Circadian Sleep Disorders Network - Advocating for people with misaligned body clocks
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Disclaimer: I am not a medical doctor. These are my personal opinions. You should not use the information on this web page for diagnosing or treating a medical or health condition on your own. All decisions regarding patient care should be made with your healthcare provider.

Vitamin B12 and Circadian Sleep Disorders

by James Fadden

Has vitamin B-12 been proven to help CRDs? The short answer is no, but it's a complicated story.

The interest in B-12 for CRDs came about because of one patient. He was one of the earliest reported cases of N24 and the first one that appeared to be successfully treated [1]. He was the first N24 patient treated at the US National Institute of Health. Basically what happened was, this patient was somewhat hypothyroid. Since low thyroid function can lead to B-12 deficiency he decided, in his own, to take a B-12 supplement and found that shortly after his N24 resolved and it came back if he stopped the B-12 The NIH doctors were not sure how widely applicable that finding was, or if it was a fluke or a placebo effect.

However doctors in Japan were very interested in the B-12 approach to N24 and tried it with several N24 patients with variable success. In one survey 2 out of 10 N24 patients were helped. There was some interest in Japan and the US about how it might work and some work was done on that. For example B-12 might increase the effect of light. However, eventually, double-blind placebo-controlled studies were done and in those B-12 was not significantly better than placebo [2,3]. There was a "trend" toward improvement with B-12 in one study, but a trend that does not reach statistical significance is, well...not significant. A total of 50 patients with DSPS and 6 with N24 were studied. The studies used a form of B-12 called methylcobalamin, which is believed to be more effective than the more common cyanocobalamin (although I think the original NIH patient used cyanocobalamin). But even this allegedly more effective form did not exceed placebo. The Japanese doctors decided B-12 was "therapeutically insufficient" as a single treatment.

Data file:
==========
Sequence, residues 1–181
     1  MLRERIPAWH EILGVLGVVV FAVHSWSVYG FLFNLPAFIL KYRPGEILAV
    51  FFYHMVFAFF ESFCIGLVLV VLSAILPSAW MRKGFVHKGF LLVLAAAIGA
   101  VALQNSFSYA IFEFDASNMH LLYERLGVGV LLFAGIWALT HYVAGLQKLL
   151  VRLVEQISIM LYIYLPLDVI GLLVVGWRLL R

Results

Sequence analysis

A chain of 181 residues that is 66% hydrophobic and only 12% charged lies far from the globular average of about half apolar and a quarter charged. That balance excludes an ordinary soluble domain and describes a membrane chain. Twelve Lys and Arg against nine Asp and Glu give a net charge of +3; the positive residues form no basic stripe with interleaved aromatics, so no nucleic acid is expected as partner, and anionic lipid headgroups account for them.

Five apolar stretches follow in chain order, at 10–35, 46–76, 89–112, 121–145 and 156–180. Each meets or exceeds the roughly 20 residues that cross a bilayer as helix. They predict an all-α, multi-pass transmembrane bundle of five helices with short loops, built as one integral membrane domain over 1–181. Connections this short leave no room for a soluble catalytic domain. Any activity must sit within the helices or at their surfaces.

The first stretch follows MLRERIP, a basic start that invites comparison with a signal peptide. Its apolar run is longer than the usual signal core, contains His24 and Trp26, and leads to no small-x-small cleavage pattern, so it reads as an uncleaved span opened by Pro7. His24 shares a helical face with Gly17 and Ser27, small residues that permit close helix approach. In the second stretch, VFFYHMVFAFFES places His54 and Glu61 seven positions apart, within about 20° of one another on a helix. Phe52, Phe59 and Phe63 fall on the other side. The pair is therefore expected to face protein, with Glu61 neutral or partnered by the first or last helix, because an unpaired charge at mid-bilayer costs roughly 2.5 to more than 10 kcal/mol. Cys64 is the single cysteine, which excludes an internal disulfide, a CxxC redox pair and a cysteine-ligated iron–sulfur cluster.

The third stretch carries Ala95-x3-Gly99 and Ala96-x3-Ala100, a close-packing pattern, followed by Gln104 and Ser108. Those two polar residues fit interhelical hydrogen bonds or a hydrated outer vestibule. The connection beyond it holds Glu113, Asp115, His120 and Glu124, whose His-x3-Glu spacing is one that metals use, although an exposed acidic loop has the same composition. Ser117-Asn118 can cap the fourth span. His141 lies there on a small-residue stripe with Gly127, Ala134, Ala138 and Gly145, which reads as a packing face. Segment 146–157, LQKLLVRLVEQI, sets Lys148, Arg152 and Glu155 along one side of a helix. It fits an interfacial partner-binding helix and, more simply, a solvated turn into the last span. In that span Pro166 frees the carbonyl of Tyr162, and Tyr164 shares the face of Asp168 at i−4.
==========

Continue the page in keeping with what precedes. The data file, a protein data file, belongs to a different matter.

Since there are a few cases of N24 that seemed to benefit from B-12 it can't be completely ruled out that some people with CRDs might benefit from taking B-12. So it might be worth trying if nothing else works. But given the failure of B-12 in placebo controlled studies I would not consider it is proven to help CRDs.

In general B-12 is viewed as an energizing substance. Some of this reputation may be undeserved. People with B-12 deficiency are certainly lacking in energy (due to anemia and nerve damage) and so giving them a shot of B-12 will certainly energize them. As a result it became common for doctors to give people B-12 as kind of a tonic to boost their energy. Since B-12 deficiency is not rare that often works. Whether it really does help do that in people who are not B-12 deficient to start with is not clear. It could be a placebo effect. But, deserved or not, it does have a reputation as an energizing substance.

In one study on normal subjects B-12 (as methylcobalamin) did lower melatonin levels and reduce sleep time, consistent with a stimulating effect. Another study showed intravenous B-12 to raise body temperature both day and night in normal volunteers, and also increase slow wave sleep, which usually results from higher body temperature [4,5].

In rats under free-running conditions B-12 increases sleep time and makes the period longer (i.e. makes N24 worse). And in a breed of dogs with narcolepsy B-12 causes cataplexy.

The usual oral dose of B-12 is 1,000mcg (1mg). This is actually far more than the body needs which is more like 2-6 mcg. The reason for the high dose is that a few people do not absorb B-12 well and so the dosage is designed to take that into account. Very few people actually need that high dose, but in most cases taking extra does no harm.


References

  1. Kamgar-Parsi B, Wehr TA, Gillin JC. Successful treatment of human non-24-hour sleep-wake syndrome. Sleep. 1983;6(3):257-64.
  2. Takahashi K, et al. Double-blind test on the efficacy of methylcobalamin on sleep-wake rhythm disorders. Psychiatry Clin Neurosci. 1999 Apr;53(2):211-3.
  3. Okawa M, et al. Vitamin B12 treatment for delayed sleep phase syndrome: a multi-center double-blind study. Psychiatry Clin Neurosci. 1997 Oct;51(5):275-9.
  4. Itoh H,et al. Sleep facilitating effects of Vitamin B-12, in Meier-Ewert K and Okawa M. Sleep-Wake Disorders. New York, NY: Plenum Press; 1997: 175-182.
  5. Uchiyama M, Mayer G, Okawa M, and Meier-Ewert K, Effects of vitamin B12 on human circadian body temperature rhythm, Neurosci Lett. 1995 Jun 2;192(1):1-4
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Last modified Jun 24, 2014
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